Value, Survival, and the Evolution of Firm Organizational Structure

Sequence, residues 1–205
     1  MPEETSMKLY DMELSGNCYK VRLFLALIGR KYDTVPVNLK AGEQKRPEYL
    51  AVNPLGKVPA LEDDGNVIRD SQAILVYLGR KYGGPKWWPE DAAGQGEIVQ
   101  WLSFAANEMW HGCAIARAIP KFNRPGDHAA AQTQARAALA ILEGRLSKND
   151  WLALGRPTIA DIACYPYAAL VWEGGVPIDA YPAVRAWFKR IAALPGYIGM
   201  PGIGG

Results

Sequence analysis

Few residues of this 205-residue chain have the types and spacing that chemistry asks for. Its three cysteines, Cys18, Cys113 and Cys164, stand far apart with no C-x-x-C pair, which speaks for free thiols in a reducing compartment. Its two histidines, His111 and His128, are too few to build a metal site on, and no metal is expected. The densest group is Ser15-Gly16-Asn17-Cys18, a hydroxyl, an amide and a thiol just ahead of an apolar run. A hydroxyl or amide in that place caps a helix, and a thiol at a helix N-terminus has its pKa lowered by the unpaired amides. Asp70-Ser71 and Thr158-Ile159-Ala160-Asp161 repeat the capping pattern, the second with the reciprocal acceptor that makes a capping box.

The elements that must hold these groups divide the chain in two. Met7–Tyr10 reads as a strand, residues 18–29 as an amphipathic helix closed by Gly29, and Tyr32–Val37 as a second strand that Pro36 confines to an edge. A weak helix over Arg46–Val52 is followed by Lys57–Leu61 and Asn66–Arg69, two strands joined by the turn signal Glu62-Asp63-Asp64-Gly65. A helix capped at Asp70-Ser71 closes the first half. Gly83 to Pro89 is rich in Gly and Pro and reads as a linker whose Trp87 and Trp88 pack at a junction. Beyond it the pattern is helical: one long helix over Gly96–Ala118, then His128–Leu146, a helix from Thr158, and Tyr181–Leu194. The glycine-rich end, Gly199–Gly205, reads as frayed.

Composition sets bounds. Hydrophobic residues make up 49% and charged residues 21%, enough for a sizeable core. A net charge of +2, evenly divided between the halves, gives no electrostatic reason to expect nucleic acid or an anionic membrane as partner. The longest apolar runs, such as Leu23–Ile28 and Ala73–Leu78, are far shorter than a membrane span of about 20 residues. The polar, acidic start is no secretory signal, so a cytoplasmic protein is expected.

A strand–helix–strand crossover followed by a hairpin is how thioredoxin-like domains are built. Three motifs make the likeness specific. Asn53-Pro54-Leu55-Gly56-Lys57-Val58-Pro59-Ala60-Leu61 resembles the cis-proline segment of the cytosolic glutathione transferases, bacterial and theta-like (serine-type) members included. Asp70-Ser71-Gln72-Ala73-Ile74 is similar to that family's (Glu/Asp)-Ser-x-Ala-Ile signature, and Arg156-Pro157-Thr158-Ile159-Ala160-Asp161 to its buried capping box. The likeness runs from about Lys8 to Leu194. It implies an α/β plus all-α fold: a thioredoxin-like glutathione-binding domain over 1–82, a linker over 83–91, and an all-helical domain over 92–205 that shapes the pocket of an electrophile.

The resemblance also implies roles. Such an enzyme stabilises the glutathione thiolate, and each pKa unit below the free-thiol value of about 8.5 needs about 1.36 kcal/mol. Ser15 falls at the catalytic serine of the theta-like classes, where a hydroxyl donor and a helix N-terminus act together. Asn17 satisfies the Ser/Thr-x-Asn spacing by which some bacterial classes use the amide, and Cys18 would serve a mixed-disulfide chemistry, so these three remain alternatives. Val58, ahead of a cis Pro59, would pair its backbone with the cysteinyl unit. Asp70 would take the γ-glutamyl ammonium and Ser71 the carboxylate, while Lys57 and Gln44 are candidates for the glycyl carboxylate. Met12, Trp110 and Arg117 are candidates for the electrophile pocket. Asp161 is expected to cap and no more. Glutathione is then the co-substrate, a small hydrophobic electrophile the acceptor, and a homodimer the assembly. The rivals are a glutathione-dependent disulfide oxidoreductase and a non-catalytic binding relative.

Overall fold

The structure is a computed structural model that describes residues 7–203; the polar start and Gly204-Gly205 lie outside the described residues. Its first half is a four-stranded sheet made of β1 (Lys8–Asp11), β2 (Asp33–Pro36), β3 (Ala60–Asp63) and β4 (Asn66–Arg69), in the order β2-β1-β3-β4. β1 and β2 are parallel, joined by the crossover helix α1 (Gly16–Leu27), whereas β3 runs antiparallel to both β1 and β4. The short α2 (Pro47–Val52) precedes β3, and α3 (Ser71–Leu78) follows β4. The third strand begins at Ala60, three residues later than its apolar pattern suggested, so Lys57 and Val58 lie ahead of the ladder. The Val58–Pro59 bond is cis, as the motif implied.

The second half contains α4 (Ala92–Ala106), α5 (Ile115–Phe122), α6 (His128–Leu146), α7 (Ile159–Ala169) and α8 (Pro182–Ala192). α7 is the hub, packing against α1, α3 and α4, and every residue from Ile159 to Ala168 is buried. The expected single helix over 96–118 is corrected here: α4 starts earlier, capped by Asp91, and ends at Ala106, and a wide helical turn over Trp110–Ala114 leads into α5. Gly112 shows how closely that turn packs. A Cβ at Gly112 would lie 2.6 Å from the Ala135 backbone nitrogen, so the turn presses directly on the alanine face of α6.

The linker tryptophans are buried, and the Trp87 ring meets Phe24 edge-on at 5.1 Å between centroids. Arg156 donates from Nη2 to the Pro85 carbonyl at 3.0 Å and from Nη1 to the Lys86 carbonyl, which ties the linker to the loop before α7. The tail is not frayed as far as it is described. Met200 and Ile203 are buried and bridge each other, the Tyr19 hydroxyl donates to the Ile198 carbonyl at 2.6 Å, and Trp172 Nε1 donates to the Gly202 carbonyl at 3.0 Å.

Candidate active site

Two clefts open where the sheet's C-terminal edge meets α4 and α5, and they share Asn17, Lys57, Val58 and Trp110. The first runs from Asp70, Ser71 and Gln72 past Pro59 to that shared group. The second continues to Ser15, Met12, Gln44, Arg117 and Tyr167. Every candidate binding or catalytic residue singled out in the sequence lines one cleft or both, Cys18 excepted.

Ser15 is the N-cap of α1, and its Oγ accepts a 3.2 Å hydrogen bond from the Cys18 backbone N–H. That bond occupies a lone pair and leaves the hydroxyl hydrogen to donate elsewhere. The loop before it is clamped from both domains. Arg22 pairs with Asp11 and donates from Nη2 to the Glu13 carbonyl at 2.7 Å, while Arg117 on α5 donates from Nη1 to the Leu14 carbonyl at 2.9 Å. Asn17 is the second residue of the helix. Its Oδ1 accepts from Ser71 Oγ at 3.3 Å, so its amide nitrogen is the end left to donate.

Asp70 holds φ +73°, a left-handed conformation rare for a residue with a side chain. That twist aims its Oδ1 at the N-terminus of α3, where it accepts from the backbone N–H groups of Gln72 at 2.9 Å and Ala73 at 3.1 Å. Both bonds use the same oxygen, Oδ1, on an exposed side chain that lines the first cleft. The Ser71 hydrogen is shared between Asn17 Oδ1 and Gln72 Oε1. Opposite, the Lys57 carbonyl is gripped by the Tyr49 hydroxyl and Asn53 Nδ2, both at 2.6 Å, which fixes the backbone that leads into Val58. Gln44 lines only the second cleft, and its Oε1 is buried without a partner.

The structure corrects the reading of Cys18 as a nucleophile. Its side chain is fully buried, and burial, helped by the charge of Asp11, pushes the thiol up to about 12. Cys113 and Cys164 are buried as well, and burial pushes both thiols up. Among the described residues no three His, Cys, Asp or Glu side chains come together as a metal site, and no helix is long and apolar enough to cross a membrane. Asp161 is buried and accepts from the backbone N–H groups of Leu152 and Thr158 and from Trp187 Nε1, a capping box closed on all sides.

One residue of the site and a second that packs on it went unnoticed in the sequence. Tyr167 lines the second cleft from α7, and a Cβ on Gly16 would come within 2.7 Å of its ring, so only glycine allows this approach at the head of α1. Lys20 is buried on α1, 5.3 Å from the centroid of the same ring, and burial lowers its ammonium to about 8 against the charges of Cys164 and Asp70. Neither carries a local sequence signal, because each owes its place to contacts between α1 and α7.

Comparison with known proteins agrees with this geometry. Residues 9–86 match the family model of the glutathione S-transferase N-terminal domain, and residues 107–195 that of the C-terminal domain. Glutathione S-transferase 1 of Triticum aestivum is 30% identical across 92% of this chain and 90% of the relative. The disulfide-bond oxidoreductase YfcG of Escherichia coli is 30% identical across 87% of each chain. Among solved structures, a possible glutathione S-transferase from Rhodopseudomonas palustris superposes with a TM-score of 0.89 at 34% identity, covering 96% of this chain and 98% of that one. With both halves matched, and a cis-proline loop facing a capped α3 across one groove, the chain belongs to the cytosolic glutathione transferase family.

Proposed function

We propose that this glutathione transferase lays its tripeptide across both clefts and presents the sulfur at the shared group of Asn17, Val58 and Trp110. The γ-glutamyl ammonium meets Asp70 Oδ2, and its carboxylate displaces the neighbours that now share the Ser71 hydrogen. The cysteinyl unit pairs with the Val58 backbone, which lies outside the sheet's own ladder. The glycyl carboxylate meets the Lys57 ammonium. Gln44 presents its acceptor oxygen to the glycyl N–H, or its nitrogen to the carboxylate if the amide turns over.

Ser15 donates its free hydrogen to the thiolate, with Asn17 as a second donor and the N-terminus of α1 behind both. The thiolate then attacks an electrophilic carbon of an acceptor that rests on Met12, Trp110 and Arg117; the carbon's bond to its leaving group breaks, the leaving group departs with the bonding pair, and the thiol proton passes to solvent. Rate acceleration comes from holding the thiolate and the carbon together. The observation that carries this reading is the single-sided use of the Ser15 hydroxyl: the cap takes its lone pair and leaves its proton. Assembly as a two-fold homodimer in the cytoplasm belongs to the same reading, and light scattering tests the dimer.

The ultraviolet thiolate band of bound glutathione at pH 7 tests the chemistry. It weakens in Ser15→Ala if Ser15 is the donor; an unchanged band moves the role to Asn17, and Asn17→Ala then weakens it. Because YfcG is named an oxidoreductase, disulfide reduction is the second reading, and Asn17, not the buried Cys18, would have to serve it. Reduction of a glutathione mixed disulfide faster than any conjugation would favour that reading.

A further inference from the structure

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We examine corporate product diversification as a dynamic process. Consistent with prior research, we find that the average diversification discount is about 8% when using the standard value-multiple approach. However, we find that a significant portion of the observed diversification discount arises from benchmark comparisons of value ratios of mature firms (which are more likely to have low value multiples and to be diversified) with those of very young firms (which are more likely to have extremely high value multiples and to be focused). The magnitude of the diversification discount falls significantly when we control for firm age. We also show that diversification reduces the mortality rate of firms, and we provide evidence that mature firms pursue diversification strategies in part as a means to exit stagnant business segments in favor of industries that are more highly valued. Our results suggest that diversification can be an optimal firm evolutionary response to external pressures.